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A Report on the Marquette Awards Banquet from Booster Extraordinaire Thrombo Smallwood

Junior also won an award for best touchdown signal.
Junior also won an award for best touchdown signal.

YOUR Marquette Golden Eagles wrapped up the 2010-'11 season in style last night with the annual awards banquet. has the official recap of the night and the season recap video.

Humble blog that we are, we couldn't afford to send anyone to cover the event.  Thankfully, though, we've got friends in (relatively) high places, and Friend of the Show and Booster Extraordinaire Thrombo Smallwood was on hand to provide a first-hand recap of the festivities.  His thoughts:

On foodstuffs: There wasn't a sit-down dinner at this shindig, but there were heavy apps aplenty: tenderloin kebobs, meatballs, ribs, turkey/ham sandwiches, a fruit tray, salmon, spinach and artichoke dip.  There was also a dessert table, which sources report was "pretty good," but I didn't partake.

Thrombo's take on the awards, after the jump.

On the awards:

  • The Rebounding Effort Award winner was Jae Crowder.  Rob Frozena presented it, and cracked a joke about how it was his best offensive category.
  • The Sportsmanship Award winner was Jamail Jones.  Coach Hank Raymonds' son presented the award and made some odd comments about coaches' salaries.  I'm not sure where he was going with it.  I kind of stopped listening.
  • The Create For Others Award was split between Dwight Buycks and Junior Cadougan.  Crowder was the presenter and mentioned they were all roommates. It got a little sappy.
  • The Dwyane Wade Legacy of Leadership Award winner was Jimmy Butler.  Wade presented the award via video; he didn't announce the winner, but he talked about how much Marquette meant to him, about how much this award means to him, and about the importance of leadership on and off the court.  It was definitely cool to see.
  • The Best Performance in a Supporting Role Award winner was Marquette broadcaster Steve "The Homer" True.  Coach Buzz presented the award and talked about how positive Homer is (never says a bad thing about another person or another team) and how hard he works.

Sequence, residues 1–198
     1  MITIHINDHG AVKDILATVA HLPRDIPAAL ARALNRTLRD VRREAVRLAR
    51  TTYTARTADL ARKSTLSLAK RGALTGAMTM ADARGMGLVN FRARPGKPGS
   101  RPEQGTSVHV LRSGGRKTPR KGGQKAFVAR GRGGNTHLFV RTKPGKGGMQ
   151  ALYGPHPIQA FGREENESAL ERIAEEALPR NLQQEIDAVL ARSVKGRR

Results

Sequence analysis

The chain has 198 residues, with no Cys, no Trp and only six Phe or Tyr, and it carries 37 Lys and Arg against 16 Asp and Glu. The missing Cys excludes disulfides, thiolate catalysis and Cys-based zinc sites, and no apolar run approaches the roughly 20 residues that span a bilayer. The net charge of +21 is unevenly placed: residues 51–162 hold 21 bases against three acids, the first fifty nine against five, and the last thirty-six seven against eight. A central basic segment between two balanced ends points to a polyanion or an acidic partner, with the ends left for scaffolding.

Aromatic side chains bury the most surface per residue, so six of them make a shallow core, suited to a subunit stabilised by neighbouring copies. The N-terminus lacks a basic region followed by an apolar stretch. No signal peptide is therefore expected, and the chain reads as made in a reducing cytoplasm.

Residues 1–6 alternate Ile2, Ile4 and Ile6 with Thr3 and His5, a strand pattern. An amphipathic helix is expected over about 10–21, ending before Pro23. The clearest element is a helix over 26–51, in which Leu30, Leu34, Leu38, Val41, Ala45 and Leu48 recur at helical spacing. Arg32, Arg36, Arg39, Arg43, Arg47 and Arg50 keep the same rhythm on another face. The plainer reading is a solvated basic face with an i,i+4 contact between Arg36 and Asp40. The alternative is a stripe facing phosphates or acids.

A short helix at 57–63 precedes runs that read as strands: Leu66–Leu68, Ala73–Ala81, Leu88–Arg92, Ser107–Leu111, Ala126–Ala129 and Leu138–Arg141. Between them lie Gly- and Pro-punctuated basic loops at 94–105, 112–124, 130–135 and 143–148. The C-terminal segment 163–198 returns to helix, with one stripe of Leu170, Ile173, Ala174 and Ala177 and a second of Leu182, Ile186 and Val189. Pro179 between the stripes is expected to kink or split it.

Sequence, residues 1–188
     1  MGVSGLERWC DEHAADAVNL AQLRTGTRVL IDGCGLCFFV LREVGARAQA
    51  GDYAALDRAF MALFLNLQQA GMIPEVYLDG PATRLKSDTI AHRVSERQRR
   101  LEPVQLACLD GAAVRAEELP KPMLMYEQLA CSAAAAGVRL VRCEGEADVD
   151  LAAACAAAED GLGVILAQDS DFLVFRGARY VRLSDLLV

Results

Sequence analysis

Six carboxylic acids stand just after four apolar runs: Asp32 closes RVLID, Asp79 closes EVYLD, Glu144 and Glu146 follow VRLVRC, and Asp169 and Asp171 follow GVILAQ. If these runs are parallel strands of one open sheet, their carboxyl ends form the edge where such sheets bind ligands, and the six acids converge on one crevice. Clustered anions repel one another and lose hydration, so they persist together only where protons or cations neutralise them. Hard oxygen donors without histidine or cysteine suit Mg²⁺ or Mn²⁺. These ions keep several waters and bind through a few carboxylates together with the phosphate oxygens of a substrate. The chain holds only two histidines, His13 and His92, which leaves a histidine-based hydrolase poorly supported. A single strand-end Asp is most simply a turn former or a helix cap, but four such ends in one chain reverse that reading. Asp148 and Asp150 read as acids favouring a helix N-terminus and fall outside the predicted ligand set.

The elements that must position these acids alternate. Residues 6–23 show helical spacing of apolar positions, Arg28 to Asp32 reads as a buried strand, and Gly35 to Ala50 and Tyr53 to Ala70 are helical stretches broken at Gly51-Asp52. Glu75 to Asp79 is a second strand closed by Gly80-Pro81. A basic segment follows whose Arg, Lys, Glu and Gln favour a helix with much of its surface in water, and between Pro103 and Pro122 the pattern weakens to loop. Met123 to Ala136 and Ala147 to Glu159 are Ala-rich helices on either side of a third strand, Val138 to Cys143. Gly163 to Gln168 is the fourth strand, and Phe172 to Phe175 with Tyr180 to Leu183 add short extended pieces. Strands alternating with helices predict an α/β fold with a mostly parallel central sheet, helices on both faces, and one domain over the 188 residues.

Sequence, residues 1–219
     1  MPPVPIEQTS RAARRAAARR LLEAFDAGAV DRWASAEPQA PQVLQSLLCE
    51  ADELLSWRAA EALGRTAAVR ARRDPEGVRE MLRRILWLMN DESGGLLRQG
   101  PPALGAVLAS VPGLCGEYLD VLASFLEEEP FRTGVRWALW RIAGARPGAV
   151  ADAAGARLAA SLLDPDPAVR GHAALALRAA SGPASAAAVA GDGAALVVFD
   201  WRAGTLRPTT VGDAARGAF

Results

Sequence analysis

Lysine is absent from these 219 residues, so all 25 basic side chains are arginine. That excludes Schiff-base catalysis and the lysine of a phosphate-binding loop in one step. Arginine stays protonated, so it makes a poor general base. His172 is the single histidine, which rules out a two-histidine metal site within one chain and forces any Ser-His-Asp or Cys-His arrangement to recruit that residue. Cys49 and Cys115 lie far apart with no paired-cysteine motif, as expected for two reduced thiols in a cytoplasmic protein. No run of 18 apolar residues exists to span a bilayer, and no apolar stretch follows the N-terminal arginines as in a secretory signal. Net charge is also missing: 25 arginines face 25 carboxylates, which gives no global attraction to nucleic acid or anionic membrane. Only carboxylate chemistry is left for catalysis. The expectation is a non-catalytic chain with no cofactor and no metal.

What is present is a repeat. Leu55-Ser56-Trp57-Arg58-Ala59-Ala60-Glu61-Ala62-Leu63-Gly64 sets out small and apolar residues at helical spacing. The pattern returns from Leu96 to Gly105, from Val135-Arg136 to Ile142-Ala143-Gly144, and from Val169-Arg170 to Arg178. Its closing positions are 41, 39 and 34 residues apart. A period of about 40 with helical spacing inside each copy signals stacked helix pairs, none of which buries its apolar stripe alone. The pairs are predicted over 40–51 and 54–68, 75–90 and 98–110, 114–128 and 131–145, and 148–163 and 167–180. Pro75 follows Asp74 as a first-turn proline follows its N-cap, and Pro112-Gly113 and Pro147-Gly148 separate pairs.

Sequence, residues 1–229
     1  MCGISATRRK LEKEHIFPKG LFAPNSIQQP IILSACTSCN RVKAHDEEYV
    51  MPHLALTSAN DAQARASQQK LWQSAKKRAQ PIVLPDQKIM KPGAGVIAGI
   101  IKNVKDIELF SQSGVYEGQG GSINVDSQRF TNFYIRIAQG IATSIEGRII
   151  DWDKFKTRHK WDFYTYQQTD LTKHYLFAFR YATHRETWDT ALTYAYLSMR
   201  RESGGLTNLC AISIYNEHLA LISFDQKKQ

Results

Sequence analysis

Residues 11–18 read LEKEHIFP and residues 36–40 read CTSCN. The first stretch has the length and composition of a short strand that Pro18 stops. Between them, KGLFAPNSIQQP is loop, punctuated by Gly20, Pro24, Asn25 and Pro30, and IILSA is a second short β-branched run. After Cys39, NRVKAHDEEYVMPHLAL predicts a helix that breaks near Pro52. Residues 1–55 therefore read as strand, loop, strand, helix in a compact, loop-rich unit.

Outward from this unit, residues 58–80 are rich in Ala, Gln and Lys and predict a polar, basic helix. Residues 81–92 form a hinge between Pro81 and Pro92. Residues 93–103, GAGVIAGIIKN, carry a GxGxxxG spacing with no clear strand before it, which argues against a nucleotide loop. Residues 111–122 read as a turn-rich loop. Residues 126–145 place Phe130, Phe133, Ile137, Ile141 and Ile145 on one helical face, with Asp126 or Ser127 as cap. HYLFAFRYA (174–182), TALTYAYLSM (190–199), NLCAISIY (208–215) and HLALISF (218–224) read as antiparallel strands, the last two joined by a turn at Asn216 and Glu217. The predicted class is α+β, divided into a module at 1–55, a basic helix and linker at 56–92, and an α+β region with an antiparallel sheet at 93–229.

• The Sixth Man of the Year Award winner was Davante Gardner, I think.  I don't remember who presented it or, really, anything about this award other than the winner. It's possible (fine: likely) that I was getting another drink at this point.
  • The Standard of Academic Excellence winner was Junior Cadougan.  Adrian Trice (she's married now, so that should be "nee Trice," but I can't remember her married name) came up and talked about how shy Junior was and the lack of confidence he had coming into Marquette, but now he's blossomed into a great student: always one of the first ones to the academic center, goes out of his way to talk to professors, always the last one to stay at academic center, uses tutors, never late for class or a tutoring session.  Pretty powerful.  Cadougan got a standing ovation from crowd.
  • The Most Improved Player Award went to Chris Otule.  Duh.  Moving on.
  • The Wesley Matthews "Just Today" Award winner was Joe Fulce.  Wesley presented the award via video and announced the winner.  Sources tell me that Fulce teared up -- hell, I would've -- but I can't verify that.
  • The Everyday Tough Award winner was Vander Blue.  Vander said he was very proud to win the award because MU is known for toughness.  He talked about how Coach Bennett has become like a father to him.  Ended by saying he loves MU, loves the coaches, loves the guys he plays with; I'm pretty sure he's not going anywhere.
  • The Defensive Player of the Year Award went to Jimmy in the night's second "duh" moment. I mean, was there any doubt after the NCAA run? The most surprising part came afterwards, when Homer got up and said that JFB'd make a better pro than Kemba Walker. That one drew oohs and ahhs from crowd.
  • The We Are Marquette Award was won by Rob Frozena.  Father Wild presented it, talked about how MU isn't buildings, location -- it's the people. Frozena talked about how proud he was to win because he grew up in Wisconsin, but was never a Badger fan. He's always been partial to Marquette.
  • Where Do You Live? 1% Award winner was Erik Williams.  
  • The Most Valuable Performer Award was split by Jimmy and Darius, but the whole team came up to the podium.  JFB and DJO said they couldn't have done it without those guys and the entire MU community.  On an unrelated note: I think Lazar was supposed to present this award, but the video staff puked all over themselves and it never showed.  I'm telling ya, these college kids have the technical skills of a monkey. In fact, the video stuff was messed up for the rest of the night. Buzz got up and said, in true Buzz fashion: "I'm sorry about that, it will never happen again." Mrs. Smallwood looks over at me and says: "Because their jobs will be posted on the Marquette careers site tomorrow." Ha! That Mrs. Smallwood is hilarious.
  • The "Only Now Exists" Award (sounds like a bad Smiths song) winner, in another no-brainer, was Jimmy Butler.  Buzz presented it and went on a 20+ minute soliloquy about how he met Jimmy through Joe, who he had recruited to three different schools, and so on. Buzz talked about how hard he worked Jimmy -- he said he was harder on JFB than anyone else he's ever coached -- but said there was no one else he'd want to coach every day in practice.